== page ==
St Giles' Church, Camberwell

St GilesSt Giles' ChurchSt Giles, CamberwellSt Giles CamberwellSt Giles's, CamberwellSt Giles’, CamberwellSt. Giles' Church
St Giles' Church, Camberwell, is the parish church of Camberwell, a district of London which forms part of the London Borough of Southwark.wikipedia
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Camberwell

Camberwell, LondonCamberwell, SurreyBrunswick Park
St Giles' Church, Camberwell, is the parish church of Camberwell, a district of London which forms part of the London Borough of Southwark.
The name Camberwell was first applied to the Parish of St Giles, Camberwell, which included the village of Camberwell, and the hamlets of Peckham, Dulwich, Nunhead, and part of Herne Hill (the rest of Herne Hill was in the parish of Lambeth).

George Gilbert Scott

Sir George Gilbert ScottSir Gilbert ScottScott
St Giles' was the first major Gothic building by George Gilbert Scott, best known as architect of St Pancras Station and the Albert Memorial.
he designed the Martyrs' Memorial on St Giles', Oxford (1841), and St Giles' Church, Camberwell (1844), both of which helped establish his reputation within the movement.

St Giles Trust

The Camberwell Samaritans later became the St Giles Trust which continues to operate in Camberwell Church Street, a few minutes walk away from the church.
Based in the crypt of St Giles' Church, Camberwell, it provided emergency relief and support for the large number of homeless men in the area - a prevailing feature of Camberwell due to a number of local hostels and shelters, including the infamous Camberwell Spike.

James Chapman Bishop

The three-manual organ was constructed by James Chapman Bishop, a British organ builder founded in 1807 which as Bishop & Son remains one of the oldest and last surviving organ builders in the country.

Charles Masterman

C. F. G. MastermanCharles Frederick Gurney MastermanC F G Masterman
On the North side is a plaque commemorating Charles Masterman (1873–1927), instigator of the National Health Insurance system (the precursor of the NHS) and his family.
He was buried in St Giles' Church, Camberwell where a plaque commemorates him and other members of his family.

London

London, EnglandLondon, United KingdomLondon, UK
St Giles' Church, Camberwell, is the parish church of Camberwell, a district of London which forms part of the London Borough of Southwark.

London Borough of Southwark

SouthwarkSouthwark CouncilBorough of Southwark
St Giles' Church, Camberwell, is the parish church of Camberwell, a district of London which forms part of the London Borough of Southwark.

Anglican Diocese of Southwark

Diocese of SouthwarkSouthwarkdiocese
It is part of Camberwell Deanery within the Anglican Diocese of Southwark in the Church of England.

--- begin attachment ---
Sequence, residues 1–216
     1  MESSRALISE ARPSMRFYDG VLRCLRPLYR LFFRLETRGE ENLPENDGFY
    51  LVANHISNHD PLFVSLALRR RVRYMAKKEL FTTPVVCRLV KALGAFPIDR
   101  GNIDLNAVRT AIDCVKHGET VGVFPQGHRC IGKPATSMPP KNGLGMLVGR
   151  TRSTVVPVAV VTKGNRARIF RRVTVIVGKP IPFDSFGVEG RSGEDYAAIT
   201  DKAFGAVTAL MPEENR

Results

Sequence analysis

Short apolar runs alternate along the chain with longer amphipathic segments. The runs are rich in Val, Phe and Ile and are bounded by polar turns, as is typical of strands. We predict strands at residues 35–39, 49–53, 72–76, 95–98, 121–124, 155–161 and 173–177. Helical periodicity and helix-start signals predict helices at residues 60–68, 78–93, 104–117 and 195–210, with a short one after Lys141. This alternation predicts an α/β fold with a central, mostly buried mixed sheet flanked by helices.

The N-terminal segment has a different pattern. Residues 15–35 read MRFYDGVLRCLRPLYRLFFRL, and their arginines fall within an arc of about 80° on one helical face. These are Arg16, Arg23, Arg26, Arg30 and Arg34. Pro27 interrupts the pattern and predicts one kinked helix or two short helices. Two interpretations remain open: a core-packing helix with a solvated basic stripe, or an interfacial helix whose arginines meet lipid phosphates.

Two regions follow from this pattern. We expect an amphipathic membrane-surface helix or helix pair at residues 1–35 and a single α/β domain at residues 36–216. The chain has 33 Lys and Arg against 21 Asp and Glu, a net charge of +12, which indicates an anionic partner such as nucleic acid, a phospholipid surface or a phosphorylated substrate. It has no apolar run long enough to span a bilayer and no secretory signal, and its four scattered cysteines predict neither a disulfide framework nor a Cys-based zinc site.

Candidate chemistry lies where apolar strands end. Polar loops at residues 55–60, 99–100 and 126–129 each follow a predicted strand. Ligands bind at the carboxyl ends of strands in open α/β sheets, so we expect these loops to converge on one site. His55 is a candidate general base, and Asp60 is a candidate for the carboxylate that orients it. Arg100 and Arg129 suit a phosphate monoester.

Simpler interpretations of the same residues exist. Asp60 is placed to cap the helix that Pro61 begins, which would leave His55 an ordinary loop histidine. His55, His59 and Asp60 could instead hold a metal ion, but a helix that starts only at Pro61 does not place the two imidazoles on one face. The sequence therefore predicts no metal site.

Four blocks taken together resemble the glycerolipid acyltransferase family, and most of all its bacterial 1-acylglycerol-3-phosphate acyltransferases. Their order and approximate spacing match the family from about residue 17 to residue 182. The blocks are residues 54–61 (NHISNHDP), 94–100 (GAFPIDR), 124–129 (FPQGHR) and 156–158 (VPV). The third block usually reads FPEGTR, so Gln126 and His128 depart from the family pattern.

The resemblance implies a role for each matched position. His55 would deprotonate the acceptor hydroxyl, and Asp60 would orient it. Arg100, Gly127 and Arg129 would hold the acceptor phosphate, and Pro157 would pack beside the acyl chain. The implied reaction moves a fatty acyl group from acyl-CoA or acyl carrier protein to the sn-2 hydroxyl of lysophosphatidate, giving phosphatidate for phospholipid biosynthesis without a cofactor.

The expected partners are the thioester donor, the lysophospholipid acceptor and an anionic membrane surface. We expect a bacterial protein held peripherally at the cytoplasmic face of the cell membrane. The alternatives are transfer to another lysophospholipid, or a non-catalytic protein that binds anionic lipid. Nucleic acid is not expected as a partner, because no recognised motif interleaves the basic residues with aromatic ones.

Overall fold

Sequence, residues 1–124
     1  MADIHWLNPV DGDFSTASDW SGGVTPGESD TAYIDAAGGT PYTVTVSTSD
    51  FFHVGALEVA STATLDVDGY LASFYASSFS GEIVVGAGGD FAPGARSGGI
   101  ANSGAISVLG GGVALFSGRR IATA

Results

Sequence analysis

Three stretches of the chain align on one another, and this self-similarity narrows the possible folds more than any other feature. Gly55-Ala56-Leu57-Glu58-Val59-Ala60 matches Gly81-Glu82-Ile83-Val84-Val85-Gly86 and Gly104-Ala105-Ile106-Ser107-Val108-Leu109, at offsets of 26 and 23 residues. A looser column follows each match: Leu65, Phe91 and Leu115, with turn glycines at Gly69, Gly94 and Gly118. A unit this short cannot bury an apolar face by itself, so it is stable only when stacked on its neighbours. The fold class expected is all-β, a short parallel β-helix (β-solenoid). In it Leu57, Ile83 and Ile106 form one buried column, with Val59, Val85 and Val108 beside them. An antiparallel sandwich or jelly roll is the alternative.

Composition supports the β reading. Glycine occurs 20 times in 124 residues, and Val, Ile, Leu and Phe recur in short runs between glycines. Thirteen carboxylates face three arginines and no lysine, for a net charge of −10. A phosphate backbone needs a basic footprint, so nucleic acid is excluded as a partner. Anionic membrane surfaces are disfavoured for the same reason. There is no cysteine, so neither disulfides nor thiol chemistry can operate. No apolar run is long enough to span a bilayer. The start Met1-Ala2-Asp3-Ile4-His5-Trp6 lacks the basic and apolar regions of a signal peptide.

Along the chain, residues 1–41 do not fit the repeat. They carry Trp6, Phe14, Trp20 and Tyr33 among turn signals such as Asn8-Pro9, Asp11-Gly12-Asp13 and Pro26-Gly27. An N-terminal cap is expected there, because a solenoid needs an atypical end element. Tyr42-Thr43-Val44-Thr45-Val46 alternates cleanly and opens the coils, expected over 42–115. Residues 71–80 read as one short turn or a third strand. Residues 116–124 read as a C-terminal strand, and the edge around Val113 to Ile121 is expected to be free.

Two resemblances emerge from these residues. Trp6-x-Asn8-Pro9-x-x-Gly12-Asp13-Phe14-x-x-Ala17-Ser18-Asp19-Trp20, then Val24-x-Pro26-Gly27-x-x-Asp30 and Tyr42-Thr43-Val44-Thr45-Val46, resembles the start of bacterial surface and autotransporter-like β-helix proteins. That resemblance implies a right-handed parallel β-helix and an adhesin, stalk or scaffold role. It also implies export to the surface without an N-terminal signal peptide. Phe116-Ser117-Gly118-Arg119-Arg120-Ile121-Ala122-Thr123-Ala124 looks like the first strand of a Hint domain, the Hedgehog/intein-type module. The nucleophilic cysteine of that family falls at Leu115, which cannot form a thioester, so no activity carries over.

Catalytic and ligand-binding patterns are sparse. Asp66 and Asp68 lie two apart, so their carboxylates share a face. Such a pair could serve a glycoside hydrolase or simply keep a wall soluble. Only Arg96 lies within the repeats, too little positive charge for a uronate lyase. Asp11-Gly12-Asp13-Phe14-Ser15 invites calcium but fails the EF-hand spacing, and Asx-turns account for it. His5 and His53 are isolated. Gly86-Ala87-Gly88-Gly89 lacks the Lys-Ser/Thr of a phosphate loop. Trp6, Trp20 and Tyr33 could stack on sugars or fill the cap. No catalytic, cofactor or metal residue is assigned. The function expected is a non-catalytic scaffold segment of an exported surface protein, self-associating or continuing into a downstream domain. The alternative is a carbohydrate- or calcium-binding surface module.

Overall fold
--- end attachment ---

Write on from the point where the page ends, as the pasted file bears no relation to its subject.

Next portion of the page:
Church of England

AnglicanChurchC of E
It is part of Camberwell Deanery within the Anglican Diocese of Southwark in the Church of England.

Saint Giles

St GilesSt. GilesGiles
The church is dedicated to Saint Giles, the patron saint of the disabled.

Anglo-Saxons

Anglo-SaxonSaxonAnglo Saxon
The Anglo-Saxon church on the site of St Giles', and recorded in the Domesday Book, was almost certainly built of wood and stood amongst fields and woodland.

Domesday Book

Domesday SurveyDomesdayDoomsday Book
The Anglo-Saxon church on the site of St Giles', and recorded in the Domesday Book, was almost certainly built of wood and stood amongst fields and woodland.

Box pew

box pewsboxed pewsbox-pew
Numerous alterations and extensions took place over the next three hundred years and by the 18th century, the church was crammed with box pews.

Gothic Revival architecture

Gothic RevivalNeo-GothicGothic
St Giles' was the first major Gothic building by George Gilbert Scott, best known as architect of St Pancras Station and the Albert Memorial.

St Pancras railway station

London St PancrasSt PancrasSt Pancras International
St Giles' was the first major Gothic building by George Gilbert Scott, best known as architect of St Pancras Station and the Albert Memorial.

Albert Memorial

St Giles' was the first major Gothic building by George Gilbert Scott, best known as architect of St Pancras Station and the Albert Memorial.

Bishop of Winchester

WinchesterBishops of WinchesterBishop of Dorchester
The new church was consecrated on 21 November 1844 by the diocesan Bishop of Winchester.

Cruciform

cruciform churchcruciform plancruciform architectural plan
The church was built to a cruciform shape with a central tower surmounted by an octagonal spire of 210 feet (64 m). St Giles' Church is laid out in a cruciform plan and has gabled transepts.

Spire

spiresRhenish helmbroach-spire
The church was built to a cruciform shape with a central tower surmounted by an octagonal spire of 210 feet (64 m).

Caen

Caen, France Caen in NormandyCaen commune
Much of the facing stone was imported from Caen in Normandy, but by the 1870s the majority of this stone was removed due to decay caused by pollution.

Normandy

NormanNormandy, FranceNormandie
Much of the facing stone was imported from Caen in Normandy, but by the 1870s the majority of this stone was removed due to decay caused by pollution.

Portland stone

Portland limestonePortlandPortland Stone Formation
Appreciating his mistake, Scott paid for the church to be refaced with Portland stone which was more suitable for the London atmosphere.

World War II

Second World WarwarWWII
The church suffered considerably in the Second World War with many of the stained-glass windows being destroyed.

Transept

transeptsNorth Transeptsemitransept
St Giles' Church is laid out in a cruciform plan and has gabled transepts.

Clerestory

clerestoriesclerestoriedclerestorey
The nave has a clerestory and lower aisles with five bays and gabled entrance porches.